3. The father urges that there was an abandonment of the child by the mother when she left it with the Clarks and thereafter failed to support it. We do not so regard it. She had transferred to the applicants her legal right to the custody and control of the child for the purpose of its adoption. And see Holbrook v. Rodgers, 105 Ga. App. 219 (124 SE2d 443)
; Johnson v. Strickland, 88 Ga. App. 281 (76 SE2d 533)
4. That the best interests of the child is an issue to be determined in a proceeding for adoption is unquestionably true. Statutory provisions require the court to require an investigation and report by the Department of Family and Children Services and to satisfy itself that the parents have good cause to be relieved of the custody, control and support of the child and that the applicants for adoption are people of good moral character, financially and physically and morally fit to have its care and custody and the responsibility for its upbringing, and generally that the proposed adoption is "for the best interests of the child." Code Ann. 74-409 et seq.
5. The evidence concerning the applicants, Bossie and Lula Clark, was undisputed that they were people of good character, morals and habits and that they were in "good financial condition," and able to care for the needs of the child. It also is undisputed that Buttry, the putative father and his wife are likewise people of good character, habits and morals and in good financial condition, each with a good income and that they could take care of the child's needs.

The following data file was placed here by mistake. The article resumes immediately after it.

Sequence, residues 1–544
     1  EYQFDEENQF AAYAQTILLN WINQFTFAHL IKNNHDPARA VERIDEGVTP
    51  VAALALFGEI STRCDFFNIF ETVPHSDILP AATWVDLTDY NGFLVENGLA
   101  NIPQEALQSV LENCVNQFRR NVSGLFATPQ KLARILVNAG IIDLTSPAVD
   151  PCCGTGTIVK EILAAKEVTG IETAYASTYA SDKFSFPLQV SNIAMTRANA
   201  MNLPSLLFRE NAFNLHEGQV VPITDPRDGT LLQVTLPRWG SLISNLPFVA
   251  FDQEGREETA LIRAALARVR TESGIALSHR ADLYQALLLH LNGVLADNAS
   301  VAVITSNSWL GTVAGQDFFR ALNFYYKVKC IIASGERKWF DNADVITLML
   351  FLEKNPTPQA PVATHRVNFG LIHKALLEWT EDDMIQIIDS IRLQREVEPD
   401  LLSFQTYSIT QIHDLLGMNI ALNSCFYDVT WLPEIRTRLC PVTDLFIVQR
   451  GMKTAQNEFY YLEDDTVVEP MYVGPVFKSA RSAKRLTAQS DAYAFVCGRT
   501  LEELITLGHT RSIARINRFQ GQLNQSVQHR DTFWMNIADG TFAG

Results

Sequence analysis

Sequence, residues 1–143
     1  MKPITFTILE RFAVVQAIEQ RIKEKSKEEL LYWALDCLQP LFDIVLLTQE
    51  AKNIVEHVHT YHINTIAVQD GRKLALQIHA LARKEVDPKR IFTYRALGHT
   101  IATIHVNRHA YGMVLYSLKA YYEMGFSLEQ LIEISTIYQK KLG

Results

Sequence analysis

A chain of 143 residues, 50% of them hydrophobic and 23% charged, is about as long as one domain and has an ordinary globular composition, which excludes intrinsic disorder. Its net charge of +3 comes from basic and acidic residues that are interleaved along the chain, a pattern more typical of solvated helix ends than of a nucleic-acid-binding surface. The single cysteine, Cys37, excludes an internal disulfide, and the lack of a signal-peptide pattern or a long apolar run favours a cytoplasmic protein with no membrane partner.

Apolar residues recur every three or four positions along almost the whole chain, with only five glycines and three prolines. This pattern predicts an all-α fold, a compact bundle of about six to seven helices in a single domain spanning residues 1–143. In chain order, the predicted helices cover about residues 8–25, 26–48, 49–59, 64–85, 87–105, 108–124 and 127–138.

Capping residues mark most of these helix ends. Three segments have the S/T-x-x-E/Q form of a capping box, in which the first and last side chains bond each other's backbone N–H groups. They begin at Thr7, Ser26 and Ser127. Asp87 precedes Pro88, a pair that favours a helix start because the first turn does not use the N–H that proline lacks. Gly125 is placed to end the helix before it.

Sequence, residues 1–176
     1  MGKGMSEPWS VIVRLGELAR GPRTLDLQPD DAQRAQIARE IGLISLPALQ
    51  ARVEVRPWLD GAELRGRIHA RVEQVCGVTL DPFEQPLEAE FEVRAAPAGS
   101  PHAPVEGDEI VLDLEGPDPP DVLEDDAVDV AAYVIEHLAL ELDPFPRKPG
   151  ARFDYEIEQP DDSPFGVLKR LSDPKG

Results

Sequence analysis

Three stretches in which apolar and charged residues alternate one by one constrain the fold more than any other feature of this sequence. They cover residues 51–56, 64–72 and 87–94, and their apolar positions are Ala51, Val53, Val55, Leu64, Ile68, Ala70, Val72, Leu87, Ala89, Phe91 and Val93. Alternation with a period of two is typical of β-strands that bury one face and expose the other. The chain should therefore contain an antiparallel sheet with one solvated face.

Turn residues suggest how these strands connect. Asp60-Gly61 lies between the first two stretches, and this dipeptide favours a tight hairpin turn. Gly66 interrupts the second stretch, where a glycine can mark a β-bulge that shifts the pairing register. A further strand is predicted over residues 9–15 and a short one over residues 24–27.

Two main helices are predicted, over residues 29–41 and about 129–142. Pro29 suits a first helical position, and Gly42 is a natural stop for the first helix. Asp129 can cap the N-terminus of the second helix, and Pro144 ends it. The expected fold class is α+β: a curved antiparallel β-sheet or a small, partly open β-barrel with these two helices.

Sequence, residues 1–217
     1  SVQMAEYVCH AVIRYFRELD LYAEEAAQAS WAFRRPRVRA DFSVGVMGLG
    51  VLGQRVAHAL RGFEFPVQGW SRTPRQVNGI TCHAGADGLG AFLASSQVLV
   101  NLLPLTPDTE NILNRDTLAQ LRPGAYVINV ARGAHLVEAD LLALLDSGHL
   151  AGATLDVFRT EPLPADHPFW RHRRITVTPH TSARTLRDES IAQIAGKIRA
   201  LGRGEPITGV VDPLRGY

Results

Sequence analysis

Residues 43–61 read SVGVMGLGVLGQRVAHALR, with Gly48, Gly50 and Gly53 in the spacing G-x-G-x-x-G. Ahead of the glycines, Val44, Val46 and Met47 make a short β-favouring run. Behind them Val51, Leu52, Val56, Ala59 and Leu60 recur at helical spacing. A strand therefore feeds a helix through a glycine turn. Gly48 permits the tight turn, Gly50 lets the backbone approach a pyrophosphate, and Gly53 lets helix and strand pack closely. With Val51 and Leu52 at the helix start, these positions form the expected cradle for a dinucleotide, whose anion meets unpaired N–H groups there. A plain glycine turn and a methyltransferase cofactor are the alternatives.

However, inasmuch as the mother had executed her written consent to the adoption of the child by the Clarks and there had been no legitimation of it by the father prior thereto, the father has no standing to make objections to this proceeding unless, perhaps, as a friend of the court, to show a lack of character and fitness on the part of the Clarks. Smith v. Smith, 224 Ga. 442
, 446, supra; Code Ann. 74-412.
6. In adoption proceedings, as in all child custody proceedings, the trial court has wide discretion in determining the custody of the minor child and appellate courts will not, nor should they, disturb such ruling unless the record shows flagrant or manifest abuse. Criswell v. Jones, 60 Ga. App. 81 (5)
, supra; Johnson v. Strickland, 88 Ga. App. 281
, 283, supra; Attaway v. Attaway, 194 Ga. 448 (22 SE2d 50)
; Lynn v. Lynn, 202 Ga. 776 (44 SE2d 769)
. The paramount issue is the welfare of the child. Waller v. Waller, 202 Ga. 535
, 538 (43 SE2d 535
While the trial court recited that the father's objection were considered, along with all the pleadings and the evidence before the court, we do not find this to be reversible error. The law provides that if, after the hearing, the court is satisfied that it should be done, an order shall be entered granting the adoption; if it is not satisfied the court may refuse to enter the order and dismiss the petition. Code Ann. 74-414. Here the trial court denied the petition. There is evidence in the record, outside the father's objection, to support this judgment, e.g., the age of the applicants, their recent marriage, their reduced income after retirement, and many other factors. No abuse of the trial court's discretion is shown.